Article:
Defendants Chase and McClesky contend that they are entitled to summary judgment on Burns's claim of religious discrimination for two reasons: first, “because of the lack of personal involvement by Chase and McClesky[]” in the Jail's alleged discriminatory policies or procedures; and second because “the policies of the Lake County Jail did not discriminate against Burns on the basis of his standing as a Jehovah's Witness.” Defendants' Memorandum, p. 1. In short, the Defendants contend that they had no authority and played no role in establishing or modifying the Jail's policy regarding religious accommodation and so cannot be held liable in their official capacity, and that they lacked the requisite personal involvement in the alleged constitutional violations and so cannot be held liable in their individual capacities. Chase and McClesky assert that “there is no evidence regarding any personal involvement giving rise to liability for Chase and McClesky because the institution, i.e. the Lake County Jail, as well as those persons in charge of said institution are the policy makers regarding who, what, when and where [a] detainee at the Lake County jail exercises his faith.” Id. If Chase and McClesky had no direct involvement in the alleged unconstitutional conduct, they cannot be sued under § 1983. “Liability under Section 1983 is predicated on a defendant's personal involvement in the alleged constitutional violation.” Jones v. Gaetz, 2017 WL 1132560, at *5 (S.D. Ill. Mar. 27, 2017) (citing Palmer v. Marion Cnty., 327 F.3d 588, 594 (7th Cir. 2003)).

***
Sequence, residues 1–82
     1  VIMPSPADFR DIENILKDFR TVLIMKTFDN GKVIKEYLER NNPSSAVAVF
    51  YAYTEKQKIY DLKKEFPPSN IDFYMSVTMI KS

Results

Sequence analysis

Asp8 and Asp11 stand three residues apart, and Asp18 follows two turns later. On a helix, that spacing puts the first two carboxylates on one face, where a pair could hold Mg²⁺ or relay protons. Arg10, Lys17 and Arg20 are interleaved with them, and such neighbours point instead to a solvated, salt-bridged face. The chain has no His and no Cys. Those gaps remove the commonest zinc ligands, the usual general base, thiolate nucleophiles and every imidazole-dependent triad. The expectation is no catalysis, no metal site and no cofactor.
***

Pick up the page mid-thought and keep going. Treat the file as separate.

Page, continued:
The Defendants argue that neither they nor Jail policy interfered with Burns's ability to worship as a Jehovah's Witness and that Burns's complaints are “based entirely on the manner in which he was able to worship his faith . . . not on an alleged denial to worship.” Defendants' Memorandum, p. 5 (italics added). They concede that “[p]risoners have a right to exercise their religion under the Free Exercise Clause of the First Amendment. . . .” but they also note that “[n]evertheless, restrictions that limit the exercise of religion are permissible if they are reasonably related to legitimate penological objectives . . . .” Id. (citations omitted). The Defendants argue that any obstacles Burns might have faced regarding the exercise of his religion were the result of reasonable penological restrictions related to jail administration rather than any policy that discriminated against any inmate on the basis of his religious preference. Id., generally. They point out that courts must give “‘due deference to the experience and expertise of prison and jail administrators in establishing necessary regulations and procedures to maintain good order, security and discipline, consistent with consideration of costs and limited resources.'” Id, p. 8 (quoting Cutter v. Wilkinson, 544 U.S. 709, 723 (2005)). The Defendants contend that the impediments or obstacles that Burns says placed a “substantial burden” on his ability to practice his religion were in fact only inconveniences, that they did not prevent him from worshiping as a Jehovah's Witness anytime he wanted, and that his allegation that these inconveniences constituted a “substantial burden” is based only on his subjective belief that he was the victim of a discriminatory Jail policy or was treated unfairly by Chase and McClesky, who Burns claims were personally biased against Jehovah's Witnesses. The Defendants contend that the scheduling of religious services and religious visits in the Jail must be done in a manner that takes into consideration the Jail's resources, security concerns, and disciplinary concerns. Id.